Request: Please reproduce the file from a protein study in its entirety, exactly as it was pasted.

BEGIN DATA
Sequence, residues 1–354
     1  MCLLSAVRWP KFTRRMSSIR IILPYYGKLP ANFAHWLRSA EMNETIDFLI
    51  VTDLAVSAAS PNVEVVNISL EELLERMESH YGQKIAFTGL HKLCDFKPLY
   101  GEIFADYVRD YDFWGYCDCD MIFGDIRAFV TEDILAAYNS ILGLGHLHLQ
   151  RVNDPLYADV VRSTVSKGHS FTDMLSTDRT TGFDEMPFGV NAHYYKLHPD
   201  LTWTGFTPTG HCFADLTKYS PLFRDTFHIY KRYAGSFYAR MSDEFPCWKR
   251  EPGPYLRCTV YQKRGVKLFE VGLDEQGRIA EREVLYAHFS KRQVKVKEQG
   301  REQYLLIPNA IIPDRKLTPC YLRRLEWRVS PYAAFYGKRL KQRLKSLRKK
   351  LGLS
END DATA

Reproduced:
Sequence, residues 1–354
     1  MCLLSAVRWP KFTRRMSSIR IILPYYGKLP ANFAHWLRSA EMNETIDFLI
    51  VTDLAVSAAS PNVEVVNISL EELLERMESH YGQKIAFTGL HKLCDFKPLY
   101  GEIFADYVRD YDFWGYCDCD MIFGDIRAFV TEDILAAYNS ILGLGHLHLQ
   151  RVNDPLYADV VRSTVSKGHS FTDMLSTDRT TGFDEMPFGV NAHYYKLHPD
   201  LTWTGFTPTG HCFADLTKYS PLFRDTFHIY KRYAGSFYAR MSDEFPCWKR
   251  EPGPYLRCTV YQKRGVKLFE VGLDEQGRIA EREVLYAHFS KRQVKVKEQG
   301  REQYLLIPNA IIPDRKLTPC YLRRLEWRVS PYAAFYGKRL KQRLKSLRKK
   351  LGLS